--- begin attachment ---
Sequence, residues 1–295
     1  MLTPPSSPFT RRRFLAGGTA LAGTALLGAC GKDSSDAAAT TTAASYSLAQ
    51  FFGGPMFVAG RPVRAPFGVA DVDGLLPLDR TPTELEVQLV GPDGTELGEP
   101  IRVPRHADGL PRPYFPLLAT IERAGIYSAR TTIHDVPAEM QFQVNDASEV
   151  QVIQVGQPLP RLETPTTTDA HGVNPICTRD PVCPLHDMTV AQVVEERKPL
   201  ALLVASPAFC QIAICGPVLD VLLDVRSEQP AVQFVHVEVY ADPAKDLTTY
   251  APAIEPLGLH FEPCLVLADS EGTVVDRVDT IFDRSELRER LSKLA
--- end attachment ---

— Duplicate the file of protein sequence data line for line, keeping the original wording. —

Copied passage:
Sequence, residues 1–295
     1  MLTPPSSPFT RRRFLAGGTA LAGTALLGAC GKDSSDAAAT TTAASYSLAQ
    51  FFGGPMFVAG RPVRAPFGVA DVDGLLPLDR TPTELEVQLV GPDGTELGEP
   101  IRVPRHADGL PRPYFPLLAT IERAGIYSAR TTIHDVPAEM QFQVNDASEV
   151  QVIQVGQPLP RLETPTTTDA HGVNPICTRD PVCPLHDMTV AQVVEERKPL
   201  ALLVASPAFC QIAICGPVLD VLLDVRSEQP AVQFVHVEVY ADPAKDLTTY
   251  APAIEPLGLH FEPCLVLADS EGTVVDRVDT IFDRSELRER LSKLA